More often than not, I watch movies and read books that have a very nice, fulfilling ending. Then, during the closing credits or the epilogue, we get that look into the future that usually feels too forced for me. It feels unreal, almost too good to be true. We don't know what the characters went through to get those twins that they're holding in their arms. We don't get to see how they got from point A to point B. We must just accept that they did, that all of their dreams were achieved, and that they will be happy forever. I always have a hard time accepting this ending (in a story, I mean). I think it takes away from my own ability to imagine them happy whether they got all they ever wanted or not. Maybe I should start skipping end credits and epilogues!

I'm not saying that "happily ever after" never happens. Deep down inside, I know I hope for that. I want my happy ending to include having children, and I want that particular happy ending for all of my friends who struggle with infertility. But I want to believe that there can be lots of really great stories without reaching the goal, stories of people who find happiness and fulfillment, who show amazing strength and grace in the face of hardship, even if they don't get exactly what they'd hoped for. Can I be happy with that kind of ending in real life, like I am in a story?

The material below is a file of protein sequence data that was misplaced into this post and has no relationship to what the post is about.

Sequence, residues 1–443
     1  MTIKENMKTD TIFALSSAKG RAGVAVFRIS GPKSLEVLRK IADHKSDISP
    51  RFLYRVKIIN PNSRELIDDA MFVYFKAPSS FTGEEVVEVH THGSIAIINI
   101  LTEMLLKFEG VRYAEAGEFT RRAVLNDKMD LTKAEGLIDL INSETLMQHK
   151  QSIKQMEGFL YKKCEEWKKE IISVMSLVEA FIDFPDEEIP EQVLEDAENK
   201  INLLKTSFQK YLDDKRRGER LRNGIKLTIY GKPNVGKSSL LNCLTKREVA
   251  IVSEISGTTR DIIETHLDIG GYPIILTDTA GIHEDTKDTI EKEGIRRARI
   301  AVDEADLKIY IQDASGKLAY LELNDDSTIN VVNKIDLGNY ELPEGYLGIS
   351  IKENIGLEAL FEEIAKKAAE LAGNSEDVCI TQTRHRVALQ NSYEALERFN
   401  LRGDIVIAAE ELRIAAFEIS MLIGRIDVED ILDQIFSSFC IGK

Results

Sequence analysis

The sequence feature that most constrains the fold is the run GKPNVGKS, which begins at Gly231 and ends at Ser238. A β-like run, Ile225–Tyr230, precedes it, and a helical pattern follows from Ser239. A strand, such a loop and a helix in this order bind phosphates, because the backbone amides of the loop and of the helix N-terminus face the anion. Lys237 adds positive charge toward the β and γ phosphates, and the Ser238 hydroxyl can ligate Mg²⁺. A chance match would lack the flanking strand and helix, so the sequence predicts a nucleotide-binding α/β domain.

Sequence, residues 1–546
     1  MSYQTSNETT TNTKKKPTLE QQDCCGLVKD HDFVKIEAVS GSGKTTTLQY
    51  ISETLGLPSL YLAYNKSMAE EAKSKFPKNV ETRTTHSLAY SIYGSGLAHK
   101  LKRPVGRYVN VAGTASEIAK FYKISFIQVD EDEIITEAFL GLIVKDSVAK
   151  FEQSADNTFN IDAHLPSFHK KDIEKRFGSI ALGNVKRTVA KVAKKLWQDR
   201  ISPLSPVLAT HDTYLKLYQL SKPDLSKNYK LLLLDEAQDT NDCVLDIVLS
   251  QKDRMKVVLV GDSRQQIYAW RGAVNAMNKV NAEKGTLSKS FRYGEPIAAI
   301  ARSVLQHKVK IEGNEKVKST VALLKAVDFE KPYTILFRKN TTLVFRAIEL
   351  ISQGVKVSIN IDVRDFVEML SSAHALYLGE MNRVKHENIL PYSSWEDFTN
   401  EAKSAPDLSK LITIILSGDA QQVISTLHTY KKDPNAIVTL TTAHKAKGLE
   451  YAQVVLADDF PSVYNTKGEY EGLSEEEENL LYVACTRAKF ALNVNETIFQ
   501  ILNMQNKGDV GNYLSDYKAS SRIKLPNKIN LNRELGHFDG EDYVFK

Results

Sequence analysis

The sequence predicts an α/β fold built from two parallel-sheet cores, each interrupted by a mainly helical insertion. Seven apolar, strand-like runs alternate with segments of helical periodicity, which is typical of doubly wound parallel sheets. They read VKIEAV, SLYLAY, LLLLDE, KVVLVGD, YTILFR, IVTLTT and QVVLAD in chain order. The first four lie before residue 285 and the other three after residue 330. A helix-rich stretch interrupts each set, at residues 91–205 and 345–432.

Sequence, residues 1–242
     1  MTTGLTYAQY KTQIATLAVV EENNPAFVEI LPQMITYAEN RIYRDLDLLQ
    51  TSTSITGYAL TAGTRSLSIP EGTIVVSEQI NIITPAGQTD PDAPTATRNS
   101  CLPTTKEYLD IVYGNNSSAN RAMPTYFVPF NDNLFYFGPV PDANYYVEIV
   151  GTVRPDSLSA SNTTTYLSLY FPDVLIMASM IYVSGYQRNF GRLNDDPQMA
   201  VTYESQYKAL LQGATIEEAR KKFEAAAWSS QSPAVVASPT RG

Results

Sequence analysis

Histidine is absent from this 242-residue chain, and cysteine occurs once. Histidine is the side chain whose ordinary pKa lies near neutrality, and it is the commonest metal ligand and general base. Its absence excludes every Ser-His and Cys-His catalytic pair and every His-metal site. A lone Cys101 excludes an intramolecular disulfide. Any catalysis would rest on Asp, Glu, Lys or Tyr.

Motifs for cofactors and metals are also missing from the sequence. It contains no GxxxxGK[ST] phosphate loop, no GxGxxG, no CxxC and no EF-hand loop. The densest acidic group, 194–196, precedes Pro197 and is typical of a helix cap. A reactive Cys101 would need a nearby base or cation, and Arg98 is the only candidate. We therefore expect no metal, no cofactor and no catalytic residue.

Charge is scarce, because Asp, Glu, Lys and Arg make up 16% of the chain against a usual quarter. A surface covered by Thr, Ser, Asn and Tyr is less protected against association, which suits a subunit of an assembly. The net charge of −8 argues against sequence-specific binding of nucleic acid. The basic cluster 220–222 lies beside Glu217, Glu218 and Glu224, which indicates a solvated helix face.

How do you feel about happy endings, whether realistic or not?

Friday, August 14, 2009

More of the Same

It's that time of year when many people are busy with the beginning of a new school year.

I seem to always have a hard time with these "new beginning" and "moving forward" kinds of occasions. Right now most of my friends are school shopping, meeting new teachers and new friends, and watching their children grow and learn. Don't get me wrong - I'm sure that if I had school-age kids, I might not be looking forward to sending my little ones off to school. I know it's often a stressful time for parents and kids, but I find myself once again feeling left behind.

For me, a new school year means just a couple of things:
driving carefully through school zones again;
blissfully empty and quiet movie theaters on weeknights;
realizing that I am in the same place as last summer,
and the summer before that,
and the summer before that...

It's definitely not the time of year that gets me down. Each year around this time I look forward to the end of summer and the prospect of lower temperatures (although we have to wait a while for that where I live in Texas). Autumn is actually my favorite season. Typically, Chuck and I try to plan vacations in the fall, because of the nice weather and the smaller crowds. This year, however, we traveled with my family much earlier, in May, which leaves me longing to have something to look forward to this time of year. I certainly don't long for my own school days. I'm very happy to be done with my own days of classes and homework and schedules!

I think I'm just missing something. Something different. Some progress, maybe. Instead, I feel stagnant. I feel like I'm spinning my wheels, like I'm stuck while people around me keep moving forward.

A new school year for me means more of the same. Another day in the life of a stay-at-home-wife.

Tuesday, August 4, 2009

The Love of God

I've heard it said many times that a person can't fully understand the love of God until they've become a parent.

Many people have stated that it wasn't until they saw, held, raised, loved, and cared for their own children that they truly realized how much God loves them and what the sacrifice of His own Son on the cross of Calvary really was.